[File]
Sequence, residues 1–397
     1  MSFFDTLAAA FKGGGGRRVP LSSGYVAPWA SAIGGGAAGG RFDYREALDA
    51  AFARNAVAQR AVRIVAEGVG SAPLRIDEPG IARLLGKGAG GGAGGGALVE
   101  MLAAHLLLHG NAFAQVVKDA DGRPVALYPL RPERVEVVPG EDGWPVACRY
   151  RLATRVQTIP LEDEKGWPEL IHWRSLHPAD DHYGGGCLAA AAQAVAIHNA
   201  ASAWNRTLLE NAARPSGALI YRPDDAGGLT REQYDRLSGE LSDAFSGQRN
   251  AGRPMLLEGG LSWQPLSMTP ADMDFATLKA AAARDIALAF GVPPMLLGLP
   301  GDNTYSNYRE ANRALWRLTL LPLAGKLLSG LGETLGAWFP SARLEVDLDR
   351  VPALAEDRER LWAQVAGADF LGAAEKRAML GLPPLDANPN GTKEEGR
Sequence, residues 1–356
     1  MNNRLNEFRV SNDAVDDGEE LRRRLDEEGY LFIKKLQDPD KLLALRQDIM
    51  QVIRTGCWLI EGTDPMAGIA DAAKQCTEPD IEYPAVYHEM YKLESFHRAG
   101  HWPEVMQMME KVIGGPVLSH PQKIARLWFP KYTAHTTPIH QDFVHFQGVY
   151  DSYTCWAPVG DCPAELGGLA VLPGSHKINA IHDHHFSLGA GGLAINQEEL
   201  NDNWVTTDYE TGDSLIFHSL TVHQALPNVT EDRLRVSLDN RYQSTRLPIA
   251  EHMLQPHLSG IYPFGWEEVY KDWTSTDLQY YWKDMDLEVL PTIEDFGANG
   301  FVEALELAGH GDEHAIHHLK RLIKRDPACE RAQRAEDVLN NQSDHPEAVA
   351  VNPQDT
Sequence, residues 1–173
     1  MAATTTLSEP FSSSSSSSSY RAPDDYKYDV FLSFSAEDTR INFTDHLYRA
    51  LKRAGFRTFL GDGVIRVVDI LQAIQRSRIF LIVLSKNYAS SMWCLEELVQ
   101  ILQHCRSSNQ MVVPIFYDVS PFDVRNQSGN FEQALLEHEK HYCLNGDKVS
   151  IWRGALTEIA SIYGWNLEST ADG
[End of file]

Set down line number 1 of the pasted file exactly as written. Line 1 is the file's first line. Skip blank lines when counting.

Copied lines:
Sequence, residues 1–397